Documented: May 2012
If a "renaissance man" defines a man proficient in more than one area of interest or expertise, then Sandi Joy Chadwick is a "renaissance woman." Sandi is a comedian, inspirational speaker, worship leader and helps patients choose the right glasses in an optometrist's office. Sandi is also a wife and the mother of a 16-year-old daughter in high school along with a 20-year-old daughter who has recently spread her wings by moving to Italy.
Sandi has never been hesitant about living life to the fullest and doing whatever it takes to make things happen. Nor is she shy about inspiring other people to do the same. When Sandi found out there was a surgical option for an extremely painful condition caused by uterine fibroids, noncancerous growths in her uterus, she was excited to hear that she was a perfect candidate for da Vinci robotic surgery. Prior to her diagnosis, Sandi had assumed the intense pain and cramping she felt was just an unwelcome part of aging. She was pleased to find out that the problem could be addressed through such advanced technology. After having the surgery, she is now very quick to recommend it.
Sandi's initial reaction to the idea of robot-assisted surgery was to think... "Robots, how cool is that?" She then sat down and watched an entire DVD about the da Vinci system, which was supplied by her surgeon Christina Ellis, MD, Ob/Gyn. Sandi learned that robotic-assisted surgery is performed through the smallest of incisions. She learned about the benefits it offers over open surgery and even laparoscopic surgical techniques, like significantly less pain, a shorter hospital stay, a faster return to normal daily activities as well as the potential for a better clinical outcome.
"I have to admit that, at first, I was skeptical, thinking 'oh sure it's going to be that simple... sure it's going to be that pain free.... sure the incisions are going to be that small.' But it all made a lot of sense," says Sandi. "It actually makes perfect sense that the procedure would result in better healing because it is so much less invasive and so precise. I quickly realized that robot-assisted surgery was definitely the way to go."
Sandi remembers when a relative had a traditional open hysterectomy many years ago and ended up experiencing serious complications. She suffered from an infection following surgery and almost died. "It was a really long recovery. It took forever for her to get her stamina back up," Sandi recalls. "I didn't want to ever go through that myself."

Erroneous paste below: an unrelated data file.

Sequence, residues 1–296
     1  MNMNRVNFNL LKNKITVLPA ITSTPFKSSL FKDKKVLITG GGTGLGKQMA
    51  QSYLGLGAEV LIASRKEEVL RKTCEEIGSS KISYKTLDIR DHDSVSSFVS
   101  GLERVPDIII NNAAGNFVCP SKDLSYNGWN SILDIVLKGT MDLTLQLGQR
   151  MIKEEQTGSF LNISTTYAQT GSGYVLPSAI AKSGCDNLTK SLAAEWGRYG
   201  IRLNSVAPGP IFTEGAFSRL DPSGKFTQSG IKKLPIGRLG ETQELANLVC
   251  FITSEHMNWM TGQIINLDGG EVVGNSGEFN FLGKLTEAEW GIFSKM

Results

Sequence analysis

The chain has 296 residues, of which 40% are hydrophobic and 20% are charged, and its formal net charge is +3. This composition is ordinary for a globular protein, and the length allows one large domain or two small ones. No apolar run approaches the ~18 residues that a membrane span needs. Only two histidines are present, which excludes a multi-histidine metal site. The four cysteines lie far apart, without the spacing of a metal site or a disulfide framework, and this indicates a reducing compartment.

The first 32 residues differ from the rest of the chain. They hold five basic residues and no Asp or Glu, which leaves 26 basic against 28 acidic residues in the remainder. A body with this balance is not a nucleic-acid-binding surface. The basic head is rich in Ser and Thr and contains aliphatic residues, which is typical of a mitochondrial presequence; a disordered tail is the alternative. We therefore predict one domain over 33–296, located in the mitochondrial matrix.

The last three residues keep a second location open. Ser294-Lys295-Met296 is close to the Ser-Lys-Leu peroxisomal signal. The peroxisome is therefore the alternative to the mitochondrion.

Two of Sandi's friends suggested that she see Dr. Ellis. Neither had experienced robot-assisted surgery, but both had excellent outcomes thanks to laparoscopic procedures under Dr. Ellis' care. Sandi knew a little bit about robotic surgery; however, she was surprised to hear that it was an option in her case. She didn't realize the advanced technology could be utilized for her surgical scenario.
"My experience with robot-assisted surgery was really great, from start to finish. I went to sleep, woke up and it was all over... like nothing much had even happened," she says. "I expected to have pain immediately afterwards and had kind of braced myself for it, but I wasn't in any pain when I woke up. I can honestly say it was no big deal. There was never a point where I felt anything was intolerable."
Sandi's surgery was performed on a Thursday. She was up and walking the next morning and went home that day. By Sunday, she had stopped taking any prescribed pain medication. "I'd take ibuprofen, but probably could have done without it. After two weeks I wasn't even taking that, since I had no discomfort at all," she says. "The hardest part was that I tired pretty quickly for a while, because of what my body had been through. It was surgery after all." Sandi found her fatigue was most obvious when she forgot to hold back and "overdid it," which was very easy to do because she felt "that good" following surgery.
With surgery that was 100 percent successful, Sandi no longer has the pain that had been plaguing her for so long. "My condition was definitely interrupting my life. I couldn't always do the things I wanted to do or be the person I wanted to be. I couldn't sleep. I had to use the restroom frequently because the fibroids were pressing on my bladder," she explains. "It was very limiting. Life should be about living fully... about being spontaneous, having fun and sharing positive moments with other people. My surgery opened that door a lot wider for me."
Sandi wants to share her positive story so other people can be encouraged and not be fearful about undergoing robotic surgery. But, she wants people to keep in mind that there is no "real robot" involved, not like the ones you see in the movies. "We are not talking about artificial intelligence or science fiction special effects. Forget about Star Wars or Lost in Space. The surgeon is doing all the work here," Sandi deadpans with a bit of friendly jabbing in her voice. "This is about a better way to get the job done. It's about the latest and greatest technology available to surgeons today. Robotic-assisted surgery is the future, my friends. Welcome aboard!"
By Beth Eburn